When any entirely new treatment was to be undertaken by a doctor, he would come to the hospital, help with the preparation and treatment until the patient’s confidence had been gained and the doctor felt that the nurses could do the work alone. In those days hospitals were not so often chosen in preference to home treatment, and it meant so much to have the confidence and co-operation of the patients in the hospital and its treatments.
When the Brandt method of treatment of typhoid fever was first used in Raleigh, one doctor came to the hospital every two hours, day and night, to help with the cold tub baths, except from twelve to four in the morning when the patient was allowed to sleep.
The Woodbridge treatment for typhoid fever came into use soon after the cold plunge bath and got well under way. This treatment consisted in the giving of a tablet every fifteen minutes, except for the four hours’ rest period at night.
After making a capsule for several days one man said, “I sure will rattle when I get up from her.” His tablets had been put in capsules.
In another case – that of a little boy who was to have a fourth bath on the day of admission – the patient said, “I been washed, I been washed three times.”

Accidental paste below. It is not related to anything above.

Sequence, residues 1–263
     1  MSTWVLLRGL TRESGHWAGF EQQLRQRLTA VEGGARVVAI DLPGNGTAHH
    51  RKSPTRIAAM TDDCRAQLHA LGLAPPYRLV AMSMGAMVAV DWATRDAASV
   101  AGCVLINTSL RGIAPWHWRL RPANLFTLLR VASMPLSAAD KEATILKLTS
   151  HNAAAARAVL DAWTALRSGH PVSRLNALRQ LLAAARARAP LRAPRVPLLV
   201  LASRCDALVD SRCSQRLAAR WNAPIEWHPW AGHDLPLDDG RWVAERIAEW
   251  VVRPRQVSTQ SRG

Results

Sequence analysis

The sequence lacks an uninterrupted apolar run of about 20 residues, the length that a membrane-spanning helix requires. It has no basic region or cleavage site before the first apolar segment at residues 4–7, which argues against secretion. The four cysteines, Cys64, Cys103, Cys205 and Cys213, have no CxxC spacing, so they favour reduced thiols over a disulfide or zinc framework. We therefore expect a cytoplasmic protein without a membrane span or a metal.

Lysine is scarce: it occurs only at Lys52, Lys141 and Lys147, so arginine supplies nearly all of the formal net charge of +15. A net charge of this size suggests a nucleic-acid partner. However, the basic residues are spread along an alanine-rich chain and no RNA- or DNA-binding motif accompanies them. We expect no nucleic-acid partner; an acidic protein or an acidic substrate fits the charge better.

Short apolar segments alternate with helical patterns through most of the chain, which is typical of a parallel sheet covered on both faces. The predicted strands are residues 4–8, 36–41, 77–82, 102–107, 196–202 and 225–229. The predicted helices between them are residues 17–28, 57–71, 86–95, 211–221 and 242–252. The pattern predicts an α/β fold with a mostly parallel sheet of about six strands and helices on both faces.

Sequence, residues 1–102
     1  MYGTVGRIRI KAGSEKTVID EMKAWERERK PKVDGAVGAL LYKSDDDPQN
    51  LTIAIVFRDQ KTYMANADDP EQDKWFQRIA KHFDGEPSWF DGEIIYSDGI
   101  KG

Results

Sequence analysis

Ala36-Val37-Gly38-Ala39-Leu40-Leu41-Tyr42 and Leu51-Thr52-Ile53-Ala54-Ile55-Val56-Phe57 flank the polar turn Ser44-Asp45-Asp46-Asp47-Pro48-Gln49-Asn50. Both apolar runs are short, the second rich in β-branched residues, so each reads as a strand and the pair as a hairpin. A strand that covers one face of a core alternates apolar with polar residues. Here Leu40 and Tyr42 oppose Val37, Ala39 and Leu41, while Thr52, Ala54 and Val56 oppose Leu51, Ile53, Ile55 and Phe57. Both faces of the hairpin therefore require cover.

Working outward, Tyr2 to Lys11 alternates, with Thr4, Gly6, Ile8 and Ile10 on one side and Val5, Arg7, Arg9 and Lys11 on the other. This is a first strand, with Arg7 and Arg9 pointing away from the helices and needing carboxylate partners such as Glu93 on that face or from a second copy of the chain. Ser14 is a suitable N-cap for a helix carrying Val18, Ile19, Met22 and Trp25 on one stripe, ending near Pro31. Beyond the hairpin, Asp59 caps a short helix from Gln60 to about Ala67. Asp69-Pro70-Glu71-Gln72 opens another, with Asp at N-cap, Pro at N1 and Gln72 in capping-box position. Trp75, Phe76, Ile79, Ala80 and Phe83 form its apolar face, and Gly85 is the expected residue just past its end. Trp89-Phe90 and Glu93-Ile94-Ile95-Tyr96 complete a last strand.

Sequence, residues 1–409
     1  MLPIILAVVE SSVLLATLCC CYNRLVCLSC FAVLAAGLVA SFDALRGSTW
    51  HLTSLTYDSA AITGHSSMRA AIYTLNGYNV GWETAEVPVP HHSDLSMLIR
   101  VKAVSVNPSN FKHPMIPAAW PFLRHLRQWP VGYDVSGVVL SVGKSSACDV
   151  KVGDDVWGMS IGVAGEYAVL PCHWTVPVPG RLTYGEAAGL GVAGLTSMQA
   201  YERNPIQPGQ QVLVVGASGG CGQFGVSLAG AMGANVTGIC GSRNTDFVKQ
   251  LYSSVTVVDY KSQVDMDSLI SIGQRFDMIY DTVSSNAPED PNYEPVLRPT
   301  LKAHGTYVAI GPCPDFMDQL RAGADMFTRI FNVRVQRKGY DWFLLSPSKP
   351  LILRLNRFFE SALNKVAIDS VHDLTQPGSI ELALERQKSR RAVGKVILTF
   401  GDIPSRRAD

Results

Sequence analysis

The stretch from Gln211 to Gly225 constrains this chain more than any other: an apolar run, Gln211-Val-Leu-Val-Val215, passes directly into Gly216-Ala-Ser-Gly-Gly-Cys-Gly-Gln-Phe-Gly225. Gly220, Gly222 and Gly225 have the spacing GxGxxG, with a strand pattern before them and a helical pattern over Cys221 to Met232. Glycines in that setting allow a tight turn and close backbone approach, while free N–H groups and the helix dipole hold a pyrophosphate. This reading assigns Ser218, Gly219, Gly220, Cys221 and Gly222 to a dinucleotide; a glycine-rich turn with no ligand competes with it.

“You are not dirty. We are just watching the fever away”, said the nurse. After that there was never a murmur.
Imagine what this treatment meant, with some patients in one ward, some in another, some upstairs and some downstairs, some taking tablets, some taking tubs:
After substituting for the night nurse on one occasion, a nurse said, “I gave thirteen tub baths in twelve hours. These women were allowed to step in and out of the tub, as was the rule with mild cases.”
Under this strain two nurses almost collapsed. A graduate and a practical nurse were secured. The graduate had been trained in a women’s hospital, and when her mother heard that she was nursing men she urged her to come home. This, however, she did not do. In a recent letter, she said, “This is a nightmarish recollection to me after a lapse of more than thirty years – that continuous procession of bath tubs and orderlies around the ward.” There was a lack of many facilities which we now consider necessities. Many an ingenious makeshift was pointed out to me. Every one worked to the limit of her endurance and the head nurse seemed to be always on duty.” She spoke of this as an epidemic of typhoid fever, but he two following summers were just as bad.
The Rex Hospital nurse might have said, “We may be drab and ill equipped but we help to heal people and that is all that nay hospital can do.”
These nurses might now say, “Not even in retrospect will be despise the day of small things and great efforts.
One night an orderly, a man of sixty, said to me, “Now, Missus, if you can’t remember my name, you just think of the first man.”
Adam was told to go to Dr. J’s room: “Go up the back steps and turn to your right.”